In 2002, an engineer was needed to put ideas on paper and Chris Cox, a lifelong hunter of Jamestown, from Schwab-Eaton Engineering took an interest in the project. He was later joined by Eric Held, DU Engineer, to progressively plan towards results on the ground.

The plans were presented to the public in 2003 and everyone was realizing this renovation was really going to happen.

A contract to develop drainage channels in Gun Club Marsh was completed and additional wetlands were purchased in 2004.

In 2005, new acquisitions made it possible for a new large marsh below Gun Club and the 300 acre Marsh Creek Marsh, which backs up to the Gun Club Dam behind were the dedication took place, was born.

Also in 2005, the first Jamestown North American Wetland Conservation Act grant (NAWCA) was submitted and rejected, but the council said they could resubmit if the funds were secured with partner support. In just 60 days, a total of 13 new partners and $152,000 was submitted and the $3.2 million grant was approved.

Gun Club Marsh dam was modified in 2006 and raised one foot to offset the loss of water depth due to sedimentation. The average depth at the time was only 18 inches.

The Gun Club Phase I Project began in 2007 with construction of the subdividing berm which split the marsh in two for better habitat management. Marsh acres loss for berm construction, were mitigated by building the small 14 acre marsh directly below Gun Club. A bypass canal was also constructed to move normal creek flows from the Gamekeeper Dam, trough the west side of Gun Club Marsh. Phase I construction was complete with the drainage channels for Gamekeeper Marsh and replacing he old slide gate.

In December 2007, the 2nd NAWCA grant was received for $1.4 million land acquisition from willing sellers. To date there have been three acquisitions adding 185 acres. All these acres remain on the local county tax roles.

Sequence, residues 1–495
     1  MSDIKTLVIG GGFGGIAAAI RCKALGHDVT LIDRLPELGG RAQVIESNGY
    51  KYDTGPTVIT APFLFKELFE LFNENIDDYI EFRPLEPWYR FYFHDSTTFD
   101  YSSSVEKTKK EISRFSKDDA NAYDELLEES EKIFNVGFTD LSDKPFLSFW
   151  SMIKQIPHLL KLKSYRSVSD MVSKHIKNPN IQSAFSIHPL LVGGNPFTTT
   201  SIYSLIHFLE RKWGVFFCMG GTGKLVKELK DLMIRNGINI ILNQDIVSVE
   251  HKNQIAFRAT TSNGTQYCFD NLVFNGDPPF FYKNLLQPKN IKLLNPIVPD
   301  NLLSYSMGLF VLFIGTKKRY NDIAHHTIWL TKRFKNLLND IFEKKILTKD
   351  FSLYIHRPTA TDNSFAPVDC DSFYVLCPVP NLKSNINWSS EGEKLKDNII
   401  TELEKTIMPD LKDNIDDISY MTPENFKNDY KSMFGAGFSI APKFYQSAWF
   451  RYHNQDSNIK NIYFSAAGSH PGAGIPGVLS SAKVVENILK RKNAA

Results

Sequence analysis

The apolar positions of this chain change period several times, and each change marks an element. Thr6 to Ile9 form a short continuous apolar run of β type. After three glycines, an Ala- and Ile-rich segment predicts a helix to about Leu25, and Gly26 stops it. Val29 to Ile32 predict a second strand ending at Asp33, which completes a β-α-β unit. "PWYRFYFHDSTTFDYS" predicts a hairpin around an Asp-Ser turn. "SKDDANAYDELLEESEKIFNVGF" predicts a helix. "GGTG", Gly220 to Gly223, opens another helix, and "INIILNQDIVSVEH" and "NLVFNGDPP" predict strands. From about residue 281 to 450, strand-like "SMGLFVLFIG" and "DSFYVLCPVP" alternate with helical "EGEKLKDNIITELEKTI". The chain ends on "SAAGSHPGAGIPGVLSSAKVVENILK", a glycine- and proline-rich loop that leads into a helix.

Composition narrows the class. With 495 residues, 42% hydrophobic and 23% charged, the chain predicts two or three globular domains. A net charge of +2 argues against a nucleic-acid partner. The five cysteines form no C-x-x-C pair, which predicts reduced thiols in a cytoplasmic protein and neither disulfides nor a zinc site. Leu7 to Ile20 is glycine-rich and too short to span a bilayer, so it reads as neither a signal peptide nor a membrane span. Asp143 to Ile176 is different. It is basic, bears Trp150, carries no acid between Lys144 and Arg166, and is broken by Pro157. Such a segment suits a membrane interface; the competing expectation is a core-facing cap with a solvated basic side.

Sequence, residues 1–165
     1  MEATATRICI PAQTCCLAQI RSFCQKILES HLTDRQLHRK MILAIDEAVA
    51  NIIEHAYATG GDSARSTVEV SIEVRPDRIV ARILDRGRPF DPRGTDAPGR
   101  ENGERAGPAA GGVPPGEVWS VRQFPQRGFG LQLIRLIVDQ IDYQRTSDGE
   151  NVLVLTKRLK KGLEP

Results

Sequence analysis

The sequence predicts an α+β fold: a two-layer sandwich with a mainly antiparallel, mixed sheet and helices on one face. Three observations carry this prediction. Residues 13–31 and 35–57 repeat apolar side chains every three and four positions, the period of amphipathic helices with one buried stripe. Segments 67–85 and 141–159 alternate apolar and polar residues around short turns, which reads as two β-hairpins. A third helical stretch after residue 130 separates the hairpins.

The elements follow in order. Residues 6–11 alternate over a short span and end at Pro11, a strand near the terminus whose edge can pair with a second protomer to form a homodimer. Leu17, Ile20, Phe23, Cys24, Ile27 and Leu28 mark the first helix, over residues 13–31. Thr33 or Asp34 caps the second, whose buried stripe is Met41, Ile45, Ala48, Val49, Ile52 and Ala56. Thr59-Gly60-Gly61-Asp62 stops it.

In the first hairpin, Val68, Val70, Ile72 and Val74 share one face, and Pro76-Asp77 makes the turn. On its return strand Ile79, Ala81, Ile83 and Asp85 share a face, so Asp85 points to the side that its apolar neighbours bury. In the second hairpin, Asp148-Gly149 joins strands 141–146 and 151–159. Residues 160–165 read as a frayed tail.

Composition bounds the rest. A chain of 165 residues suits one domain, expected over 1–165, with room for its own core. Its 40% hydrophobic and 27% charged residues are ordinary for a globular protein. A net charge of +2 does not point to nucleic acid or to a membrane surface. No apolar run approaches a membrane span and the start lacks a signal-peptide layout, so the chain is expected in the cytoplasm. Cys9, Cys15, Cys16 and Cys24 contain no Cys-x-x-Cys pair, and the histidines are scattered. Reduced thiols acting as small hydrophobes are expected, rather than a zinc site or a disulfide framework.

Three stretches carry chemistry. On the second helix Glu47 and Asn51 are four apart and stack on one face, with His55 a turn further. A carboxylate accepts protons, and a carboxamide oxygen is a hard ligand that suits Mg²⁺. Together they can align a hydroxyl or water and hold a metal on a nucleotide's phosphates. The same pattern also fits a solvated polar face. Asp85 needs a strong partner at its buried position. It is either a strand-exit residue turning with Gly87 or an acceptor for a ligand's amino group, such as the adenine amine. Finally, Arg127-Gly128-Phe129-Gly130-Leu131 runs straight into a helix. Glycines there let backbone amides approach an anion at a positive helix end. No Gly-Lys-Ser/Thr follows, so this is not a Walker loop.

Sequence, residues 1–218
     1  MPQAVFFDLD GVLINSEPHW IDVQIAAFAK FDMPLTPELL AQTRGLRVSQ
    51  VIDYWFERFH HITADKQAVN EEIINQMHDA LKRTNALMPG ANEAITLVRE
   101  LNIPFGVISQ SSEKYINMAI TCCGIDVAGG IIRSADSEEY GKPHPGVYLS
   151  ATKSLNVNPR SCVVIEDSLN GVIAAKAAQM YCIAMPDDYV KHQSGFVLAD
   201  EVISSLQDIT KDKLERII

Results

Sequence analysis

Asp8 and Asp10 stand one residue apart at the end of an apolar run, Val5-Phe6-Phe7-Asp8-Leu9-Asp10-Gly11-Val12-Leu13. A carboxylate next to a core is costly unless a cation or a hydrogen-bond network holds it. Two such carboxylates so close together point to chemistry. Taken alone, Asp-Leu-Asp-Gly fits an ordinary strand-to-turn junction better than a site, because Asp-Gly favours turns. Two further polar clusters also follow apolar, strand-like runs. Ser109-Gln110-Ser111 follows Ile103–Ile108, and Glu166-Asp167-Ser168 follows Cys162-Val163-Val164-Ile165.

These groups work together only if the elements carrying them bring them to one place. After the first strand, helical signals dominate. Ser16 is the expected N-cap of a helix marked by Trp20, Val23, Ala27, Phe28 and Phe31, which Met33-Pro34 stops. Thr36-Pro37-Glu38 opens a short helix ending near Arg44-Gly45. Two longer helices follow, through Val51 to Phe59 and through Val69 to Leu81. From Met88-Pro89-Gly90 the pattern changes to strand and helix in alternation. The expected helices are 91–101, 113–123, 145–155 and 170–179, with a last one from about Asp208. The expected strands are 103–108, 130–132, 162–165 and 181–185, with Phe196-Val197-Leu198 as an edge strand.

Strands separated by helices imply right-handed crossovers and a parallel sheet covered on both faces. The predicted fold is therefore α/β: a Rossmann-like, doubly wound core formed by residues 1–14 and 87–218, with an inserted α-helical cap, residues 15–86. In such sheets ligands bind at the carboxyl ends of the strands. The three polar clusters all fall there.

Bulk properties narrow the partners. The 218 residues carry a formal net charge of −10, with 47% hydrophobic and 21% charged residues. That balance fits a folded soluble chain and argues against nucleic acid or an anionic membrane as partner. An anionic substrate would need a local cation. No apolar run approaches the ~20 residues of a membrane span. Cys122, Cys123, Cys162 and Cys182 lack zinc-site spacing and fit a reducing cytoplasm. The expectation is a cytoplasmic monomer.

In 2008, with the help and support of local Concordia Representative Elaine Bowers, the new Assistant Manager position was achieved. Matt Farmer, a lifelong hunter of Jamestown started work in December 2008.

During the 2009 ceremony, Representative Elaine Bowers, Concordia, thanked Rob Unruh for all that he has done on the project. "It has been a learning experience and we have been able to keep the front doors open for the project," she said.

Awarded in 2009, a grant from Conoco/Pillips, will result in a $220,000 project called Buffalo Creek Marshes located just across the Buffalo Creek Bridge north of the city of Jamestown. With support from conservation partners, DU, and the Play Lakes Joint Venture, the Buffalo Creek Marsh project will create 197 acres of marsh that will be ready to hunt in 2010.

Tom Warner, former Kansas Wildlife and Parks Commissioner; and now a professor at K-State in natural resources said, "Thirty three years ago at the overlook, I saw open water with ducks everywhere and I knew then, we had found a very special place. I come and hunt here every year and I am a strong supporter in the development of the Marsh." He continued, "We have had tremendous support by the Wildlife and Parks and I tip my hat to them for their support. I hope the Wildlife and Parks and sportsman continue to work on this development. It's not done yet. I come here for outdoor recreation and I wish to thank Rob Unruh for his always helpful way. He is a good guy to be around, a true professional, a mainstay always there to say hi and welcome us to our site."

Scott Manley, Ducks Unlimited, Inc. and Master of the ceremony, presented speaker Bill Watson, The Nature Conservancy, Wichita. "I showed Watson the project from an airplane and it was a bumpy ride that day," said Manley, "Both of us were looking a little green and I told Bill that if he promised to help us out I would take him down," Manley said laughingly, as he introduced Watson to the podium.

"This movement has gone forward but has been a long journey and without all the pieces in the middle it would have never worked," said Watson, "It has all been about connections. About connections of water flowing, that provides for wildlife. A connection that is hard to understand and easy to disrupt. A connection between the government, county, landowners, etc. Today, I appreciate the chance to celebrate that connection that made this all possible, and to be a part of this project.